Preliminary study showed glyphosate and Roundup altered biological parameters connected with sexual development and genotoxicity as well as affecting the gut microbiome
The Ramazzini Institute in Italy is launching a crowdfunding appeal to fund a €5 million five-year study on glyphosate and Roundup. The long-term study will follow up on the results of a shorter 90-day study, which the Ramazzini says showed that glyphosate and Roundup caused potentially harmful effects in rats at a very low realistic dose. This dose was equivalent to that which US regulators claim is safe for people to ingest every day of their lives.
The results of the first study, which will be published in a journal later in the year, will be presented at a conference this week. The Ramazzini has already sent them to the Italian Health Ministry, which has said it will vote against the Commission proposal of a ten-year renewal of glyphosate's authorisation in Europe.
The first study showed that glyphosate and Roundup altered key biological parameters connected with sexual development and genotoxicity as well as affecting the gut microbiome.
The results are unlikely to be welcomed by the Reuters reporter and glyphosate defender Kate Kelland, who seized upon an early announcement by the Ramazzini that nothing had yet been found in the glyphosate herbicide-exposed animals. However, the announcement came before the examinations of key parameters that showed changes.
Dr Fiorella Belpoggi, director of the Cesare Maltoni Cancer Research Centre at the Ramazzini, told the magazine EU Food Policy that she had asked the Italian Health Minister to intervene and ask for a renewal for no more than five years at the meeting of the Standing Committee (Plants, Animals, Food and Feed) this week.
She added that in the initial study there was more evidence of potential harm from Roundup than for glyphosate in isolation. Roundup is the substance that we are all exposed to, but glyphosate in isolation is the substance that both the European Food Safety Authority and the European Chemicals Agency evaluated.
Data from the new long-term Ramazzini study will cover:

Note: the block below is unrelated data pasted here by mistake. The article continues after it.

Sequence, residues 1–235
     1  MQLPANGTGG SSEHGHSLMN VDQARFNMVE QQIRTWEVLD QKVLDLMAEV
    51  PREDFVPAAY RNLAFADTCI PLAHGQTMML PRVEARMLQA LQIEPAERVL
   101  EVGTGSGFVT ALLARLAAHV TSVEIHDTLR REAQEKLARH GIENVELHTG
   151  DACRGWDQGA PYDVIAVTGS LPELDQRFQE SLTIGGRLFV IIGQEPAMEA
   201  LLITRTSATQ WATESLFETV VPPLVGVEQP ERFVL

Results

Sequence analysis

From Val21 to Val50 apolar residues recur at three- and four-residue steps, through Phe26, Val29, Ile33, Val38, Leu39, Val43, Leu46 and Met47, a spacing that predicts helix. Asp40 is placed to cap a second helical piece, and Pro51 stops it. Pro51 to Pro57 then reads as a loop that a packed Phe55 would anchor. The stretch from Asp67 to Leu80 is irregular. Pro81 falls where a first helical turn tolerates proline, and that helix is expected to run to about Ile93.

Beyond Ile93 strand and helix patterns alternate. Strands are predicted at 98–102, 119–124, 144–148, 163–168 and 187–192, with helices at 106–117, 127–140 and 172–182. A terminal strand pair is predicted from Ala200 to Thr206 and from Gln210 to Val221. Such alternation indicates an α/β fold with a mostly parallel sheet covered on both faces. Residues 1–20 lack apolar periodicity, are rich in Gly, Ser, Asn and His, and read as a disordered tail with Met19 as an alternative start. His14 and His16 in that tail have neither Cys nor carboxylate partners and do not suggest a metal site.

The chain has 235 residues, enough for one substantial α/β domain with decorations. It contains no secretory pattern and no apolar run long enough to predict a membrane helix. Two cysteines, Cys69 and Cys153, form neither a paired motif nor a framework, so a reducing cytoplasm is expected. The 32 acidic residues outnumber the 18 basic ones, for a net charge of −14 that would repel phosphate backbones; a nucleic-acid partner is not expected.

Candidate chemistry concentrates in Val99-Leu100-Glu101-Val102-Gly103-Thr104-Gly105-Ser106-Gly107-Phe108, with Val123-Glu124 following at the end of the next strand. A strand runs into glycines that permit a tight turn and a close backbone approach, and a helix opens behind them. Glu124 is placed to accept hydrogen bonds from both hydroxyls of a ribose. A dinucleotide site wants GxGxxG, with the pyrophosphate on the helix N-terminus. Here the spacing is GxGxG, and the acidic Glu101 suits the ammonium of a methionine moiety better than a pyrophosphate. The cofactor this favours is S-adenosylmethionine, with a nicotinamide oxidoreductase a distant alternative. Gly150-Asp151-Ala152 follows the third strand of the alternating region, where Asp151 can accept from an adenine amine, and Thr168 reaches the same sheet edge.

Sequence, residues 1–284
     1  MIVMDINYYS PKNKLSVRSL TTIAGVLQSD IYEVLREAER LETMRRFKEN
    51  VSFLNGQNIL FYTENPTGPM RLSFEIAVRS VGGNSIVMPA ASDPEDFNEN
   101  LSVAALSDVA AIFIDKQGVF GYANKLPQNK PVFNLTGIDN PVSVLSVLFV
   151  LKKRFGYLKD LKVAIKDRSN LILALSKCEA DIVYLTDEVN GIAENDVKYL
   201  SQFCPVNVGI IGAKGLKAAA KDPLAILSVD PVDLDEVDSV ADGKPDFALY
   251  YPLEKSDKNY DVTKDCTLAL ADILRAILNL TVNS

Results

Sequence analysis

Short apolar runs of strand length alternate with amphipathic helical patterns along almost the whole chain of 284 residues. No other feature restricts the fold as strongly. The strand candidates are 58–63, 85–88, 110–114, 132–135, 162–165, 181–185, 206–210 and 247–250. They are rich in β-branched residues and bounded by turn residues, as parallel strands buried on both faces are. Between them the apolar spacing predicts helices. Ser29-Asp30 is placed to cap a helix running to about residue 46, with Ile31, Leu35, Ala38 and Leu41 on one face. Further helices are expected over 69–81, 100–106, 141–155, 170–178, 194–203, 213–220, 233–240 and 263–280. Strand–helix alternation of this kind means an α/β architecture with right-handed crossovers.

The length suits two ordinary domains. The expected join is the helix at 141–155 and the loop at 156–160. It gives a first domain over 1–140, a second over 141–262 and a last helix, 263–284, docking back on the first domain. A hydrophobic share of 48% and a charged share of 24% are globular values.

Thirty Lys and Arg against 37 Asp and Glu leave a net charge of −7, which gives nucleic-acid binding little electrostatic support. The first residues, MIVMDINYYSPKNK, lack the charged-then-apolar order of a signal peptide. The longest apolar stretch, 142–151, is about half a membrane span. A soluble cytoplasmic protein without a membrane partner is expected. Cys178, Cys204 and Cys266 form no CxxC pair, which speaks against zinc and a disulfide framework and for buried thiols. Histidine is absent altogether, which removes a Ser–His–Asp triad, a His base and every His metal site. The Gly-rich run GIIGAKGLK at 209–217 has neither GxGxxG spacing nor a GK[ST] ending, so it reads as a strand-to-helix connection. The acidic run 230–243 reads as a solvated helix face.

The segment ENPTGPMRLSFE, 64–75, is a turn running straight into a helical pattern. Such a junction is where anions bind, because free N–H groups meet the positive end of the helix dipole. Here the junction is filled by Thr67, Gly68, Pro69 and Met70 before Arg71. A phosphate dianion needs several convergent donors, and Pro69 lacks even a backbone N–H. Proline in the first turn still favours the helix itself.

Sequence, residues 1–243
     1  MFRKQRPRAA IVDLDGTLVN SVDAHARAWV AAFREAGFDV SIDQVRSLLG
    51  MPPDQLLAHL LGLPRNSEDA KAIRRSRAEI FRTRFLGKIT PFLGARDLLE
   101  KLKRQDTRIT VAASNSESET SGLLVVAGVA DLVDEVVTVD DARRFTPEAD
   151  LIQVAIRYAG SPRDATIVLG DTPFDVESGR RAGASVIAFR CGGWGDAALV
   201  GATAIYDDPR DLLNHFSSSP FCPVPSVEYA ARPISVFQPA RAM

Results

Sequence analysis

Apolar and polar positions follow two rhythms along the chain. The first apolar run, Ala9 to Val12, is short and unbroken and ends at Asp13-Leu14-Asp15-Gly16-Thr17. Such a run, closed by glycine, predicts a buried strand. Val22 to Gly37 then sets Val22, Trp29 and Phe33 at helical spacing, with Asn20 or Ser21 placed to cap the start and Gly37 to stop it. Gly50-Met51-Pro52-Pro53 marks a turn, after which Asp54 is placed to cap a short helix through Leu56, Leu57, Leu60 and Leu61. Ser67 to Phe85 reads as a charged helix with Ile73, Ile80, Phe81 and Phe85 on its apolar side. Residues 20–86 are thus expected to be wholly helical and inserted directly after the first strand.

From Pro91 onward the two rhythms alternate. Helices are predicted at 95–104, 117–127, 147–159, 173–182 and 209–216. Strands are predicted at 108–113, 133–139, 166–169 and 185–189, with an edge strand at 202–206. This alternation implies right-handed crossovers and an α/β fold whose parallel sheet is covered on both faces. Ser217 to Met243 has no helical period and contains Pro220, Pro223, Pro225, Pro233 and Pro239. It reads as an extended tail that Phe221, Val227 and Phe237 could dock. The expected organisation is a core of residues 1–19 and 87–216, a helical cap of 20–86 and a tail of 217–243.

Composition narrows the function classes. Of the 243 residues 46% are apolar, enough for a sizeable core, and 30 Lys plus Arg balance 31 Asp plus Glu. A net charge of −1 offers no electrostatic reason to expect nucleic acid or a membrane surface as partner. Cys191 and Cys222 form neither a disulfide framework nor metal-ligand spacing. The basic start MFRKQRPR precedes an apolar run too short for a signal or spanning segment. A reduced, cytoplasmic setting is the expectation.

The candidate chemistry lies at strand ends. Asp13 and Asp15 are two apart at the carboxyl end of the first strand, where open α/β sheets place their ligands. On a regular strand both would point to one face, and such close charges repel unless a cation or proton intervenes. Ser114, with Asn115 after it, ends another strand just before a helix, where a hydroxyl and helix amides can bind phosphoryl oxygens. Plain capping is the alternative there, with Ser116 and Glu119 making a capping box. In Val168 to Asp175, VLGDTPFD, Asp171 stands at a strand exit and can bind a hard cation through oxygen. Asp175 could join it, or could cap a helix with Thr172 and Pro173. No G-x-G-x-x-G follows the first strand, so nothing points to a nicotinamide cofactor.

* The toxicity of glyphosate and Roundup at real-life exposures
* The carcinogenicity of glyphosate and Roundup at real-life exposures
* The multi-generational effects of glyphosate and Roundup at real-life exposures
* The neurotoxicological effects of glyphosate and Roundup at real-life exposures
* The endocrine disrupting effects of glyphosate and Roundup at real-life exposures
* The prenatal developmental toxicity effects of glyphosate and Roundup at real-life exposures
* The effects of glyphosate and Roundup at real-life exposures on the microbiome.
The Ramazzini Institute's members had paid for the first €300,000 study, Dr Belpoggi said. She told EU Food Policy, "Now we need global support for the full comprehensive study. This is a not-for-profit study and aims finally to give a clear answer to the public and government regulators on the possible effects/safety of glyphosate. We want to enable independent science to once again change the world with the help of the global public, as industry-funded science will never be trusted."
To carry out the experiment, the Ramazzini is partnering with other institutions, including the University of Bologna, the Mount Sinai School of Medicine in New York, the George Washington University, and the Cancer Institute of Genoa.
Over the past 40 years, the Ramazzini has produced studies that have led to regulatory restrictions on chemicals such as benzene and vinyl chloride.
Unlike most experimental institutes, the Ramazzini does not cull the animals at a certain age but allows them to reach the end of their lifespan.
1. EU Food Policy (2017). Ramazzini launches crowdfunding appeal for independent five-year study. 23 Oct; subscription only.